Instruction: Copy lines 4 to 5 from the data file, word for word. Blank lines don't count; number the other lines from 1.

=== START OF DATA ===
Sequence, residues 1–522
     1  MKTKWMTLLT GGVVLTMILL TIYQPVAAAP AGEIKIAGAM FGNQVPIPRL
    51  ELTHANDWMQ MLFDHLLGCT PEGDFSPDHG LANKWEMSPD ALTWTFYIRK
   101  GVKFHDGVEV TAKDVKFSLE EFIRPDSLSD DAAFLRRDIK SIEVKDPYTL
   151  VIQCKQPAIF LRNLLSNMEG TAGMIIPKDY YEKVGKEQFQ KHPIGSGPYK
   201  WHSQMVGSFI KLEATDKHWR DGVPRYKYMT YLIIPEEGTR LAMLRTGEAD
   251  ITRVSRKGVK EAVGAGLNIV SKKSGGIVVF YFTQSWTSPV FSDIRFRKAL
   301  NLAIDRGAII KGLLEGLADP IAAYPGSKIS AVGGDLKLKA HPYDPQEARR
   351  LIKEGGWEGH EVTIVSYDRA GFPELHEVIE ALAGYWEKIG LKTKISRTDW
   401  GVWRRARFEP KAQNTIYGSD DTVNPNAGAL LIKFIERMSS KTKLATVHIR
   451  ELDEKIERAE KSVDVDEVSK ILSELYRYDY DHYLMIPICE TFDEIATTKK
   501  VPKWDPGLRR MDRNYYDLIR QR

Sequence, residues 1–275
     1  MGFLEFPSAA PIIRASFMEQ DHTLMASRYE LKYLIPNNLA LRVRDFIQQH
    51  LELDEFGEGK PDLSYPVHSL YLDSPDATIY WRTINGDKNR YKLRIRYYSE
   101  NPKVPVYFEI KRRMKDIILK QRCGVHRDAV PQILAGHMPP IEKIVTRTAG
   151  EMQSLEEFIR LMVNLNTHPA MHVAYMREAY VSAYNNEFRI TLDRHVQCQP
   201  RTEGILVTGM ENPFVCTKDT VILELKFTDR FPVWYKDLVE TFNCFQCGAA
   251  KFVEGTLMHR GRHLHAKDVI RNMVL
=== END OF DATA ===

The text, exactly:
   101  GVKFHDGVEV TAKDVKFSLE EFIRPDSLSD DAAFLRRDIK SIEVKDPYTL
   151  VIQCKQPAIF LRNLLSNMEG TAGMIIPKDY YEKVGKEQFQ KHPIGSGPYK